# JavaScript Numbers

JavaScript has a built-in number data type that represents numeric values. JavaScript numbers can be integers or floating-point numbers (decimal). Numbers in JavaScript are basic data types. Unlike other programming languages, you do not need to specify distinct numeric values using **int**, **float**, and so on.

## 1. Integers

An integer is a whole number, which means it does not have a fractional part. In JavaScript, integers are represented as a numeric data type called "number". Integers can be positive, negative or zero.

## 2. Floating

A floating-point number (or "float" for short) is a numeric data type that represents a decimal number in JavaScript. Unlike integers, floating-point numbers have a fractional part, which allows for more precise representation of non-integer values.

## 3. Numeric Strings

A numeric string is a string that contains a numeric value. JavaScript allows you to perform arithmetic operations on numeric strings, but it's important to note that the resulting value will still be a string.

## 4. NaN - Not a Number

NaN is a special numeric value that represents an undefined or undefined value. When you try to perform an operation that doesn't make sense, such as dividing zero by zero or converting a non-numeric string to a number, NaN is returned.

## 5. Infinity

Infinity is a special numerical value that represents positive infinity. When a number exceeds the upper limit of the floating-point number range, infinity is returned.

## 6. Hexadecimal

JavaScript supports hexadecimal notation for representing numbers. A hexadecimal number is a base-16 number that uses the digits 0-9 and the letters A-F to represent values from 0 to 15.

## 7. Numbers as Objects

In addition to the primitive Number data type, JavaScript also has a Number object type that allows you to work with numbers as objects. The Number object type provides additional properties and methods for working with numbers.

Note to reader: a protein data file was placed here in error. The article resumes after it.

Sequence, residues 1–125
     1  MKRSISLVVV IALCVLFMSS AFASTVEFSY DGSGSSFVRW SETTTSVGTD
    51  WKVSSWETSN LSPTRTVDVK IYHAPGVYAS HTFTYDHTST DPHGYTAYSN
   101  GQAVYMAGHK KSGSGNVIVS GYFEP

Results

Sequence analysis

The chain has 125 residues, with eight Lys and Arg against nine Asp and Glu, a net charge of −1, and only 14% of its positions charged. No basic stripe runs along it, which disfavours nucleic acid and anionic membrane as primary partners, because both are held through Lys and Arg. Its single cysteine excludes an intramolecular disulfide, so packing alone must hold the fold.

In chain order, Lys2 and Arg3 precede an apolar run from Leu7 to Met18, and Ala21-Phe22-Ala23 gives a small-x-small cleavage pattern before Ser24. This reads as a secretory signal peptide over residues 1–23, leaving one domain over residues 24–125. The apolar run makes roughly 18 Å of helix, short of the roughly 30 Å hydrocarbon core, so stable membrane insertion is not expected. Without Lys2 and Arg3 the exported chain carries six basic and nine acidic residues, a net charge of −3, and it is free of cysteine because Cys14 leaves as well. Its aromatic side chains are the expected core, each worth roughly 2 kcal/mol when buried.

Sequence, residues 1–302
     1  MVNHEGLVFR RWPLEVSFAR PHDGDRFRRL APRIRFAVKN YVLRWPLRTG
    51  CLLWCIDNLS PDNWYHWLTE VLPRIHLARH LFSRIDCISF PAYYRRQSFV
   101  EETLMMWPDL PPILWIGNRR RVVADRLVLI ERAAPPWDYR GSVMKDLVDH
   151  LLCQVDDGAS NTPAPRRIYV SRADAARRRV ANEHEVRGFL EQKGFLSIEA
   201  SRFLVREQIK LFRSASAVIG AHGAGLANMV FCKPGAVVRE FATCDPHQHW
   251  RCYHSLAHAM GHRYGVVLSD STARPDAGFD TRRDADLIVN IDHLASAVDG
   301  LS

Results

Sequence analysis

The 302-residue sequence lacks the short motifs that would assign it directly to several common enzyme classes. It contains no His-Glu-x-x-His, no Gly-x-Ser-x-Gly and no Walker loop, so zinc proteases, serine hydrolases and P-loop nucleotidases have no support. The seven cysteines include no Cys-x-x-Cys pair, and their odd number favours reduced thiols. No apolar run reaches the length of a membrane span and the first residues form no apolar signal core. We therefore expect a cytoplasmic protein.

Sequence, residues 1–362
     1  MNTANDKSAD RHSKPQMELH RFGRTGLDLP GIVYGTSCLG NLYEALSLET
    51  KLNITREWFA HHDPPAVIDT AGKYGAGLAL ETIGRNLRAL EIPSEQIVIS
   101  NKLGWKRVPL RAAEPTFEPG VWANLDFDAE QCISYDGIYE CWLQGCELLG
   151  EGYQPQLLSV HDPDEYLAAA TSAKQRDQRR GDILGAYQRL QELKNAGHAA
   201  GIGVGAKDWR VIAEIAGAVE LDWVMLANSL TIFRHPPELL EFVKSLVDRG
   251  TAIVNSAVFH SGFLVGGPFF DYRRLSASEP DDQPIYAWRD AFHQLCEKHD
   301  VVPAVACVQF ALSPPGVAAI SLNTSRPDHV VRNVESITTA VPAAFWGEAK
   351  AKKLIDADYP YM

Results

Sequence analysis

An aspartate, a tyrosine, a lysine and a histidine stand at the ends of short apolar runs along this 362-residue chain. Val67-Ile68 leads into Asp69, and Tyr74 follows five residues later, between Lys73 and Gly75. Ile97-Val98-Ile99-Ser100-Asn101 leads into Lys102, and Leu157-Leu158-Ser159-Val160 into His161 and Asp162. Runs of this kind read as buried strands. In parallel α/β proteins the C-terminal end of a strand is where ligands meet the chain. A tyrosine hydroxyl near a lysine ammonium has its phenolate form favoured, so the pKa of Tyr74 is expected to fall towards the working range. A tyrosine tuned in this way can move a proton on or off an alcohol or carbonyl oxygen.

## FAQs

In JavaScript, numbers are used to represent numeric values, including **integers **and** floating-point** numbers. They are a fundamental data type in JavaScript and are extensively used for performing mathematical calculations, storing quantities, and handling numeric data in web applications. JavaScript provides various arithmetic operators and built-in functions for manipulating and working with numbers. Understanding JavaScript numbers is crucial for tasks like calculations, data validation, and implementing mathematical algorithms.

JavaScript provides several methods for converting strings to numbers. The most commonly used method is **parseInt()**, which parses a string and returns an integer. For example, parseInt("42") would convert the string "42" to the number 42. If you need to convert a string to a floating-point number, you can use the **parseFloat()** function. It behaves similarly to parseInt() but preserves the decimal part of the string. Another method is to use the unary plus operator (+), which can convert a string representation of a number into an actual number. For instance, +"3.14" would convert the string "3.14" to the number 3.14. These conversion methods are useful when dealing with user input, reading data from external sources, or performing calculations on numeric strings.

JavaScript provides several methods for rounding numbers. The **Math.round()** function is used to round a number to the nearest whole number. For example, Math.round(3.6) would return 4, while Math.round(3.2) would return 3. If you want to round a number down to the nearest whole number, you can use **Math.floor()**. For rounding up, you can use **Math.ceil()**. Additionally, the** toFixed()** method allows you to round a number to a specific number of decimal places. For example, var pi = 3.14159; pi.toFixed(2) would return the string "3.14". Rounding numbers is commonly needed for formatting values, displaying calculations, and ensuring accuracy in mathematical operations.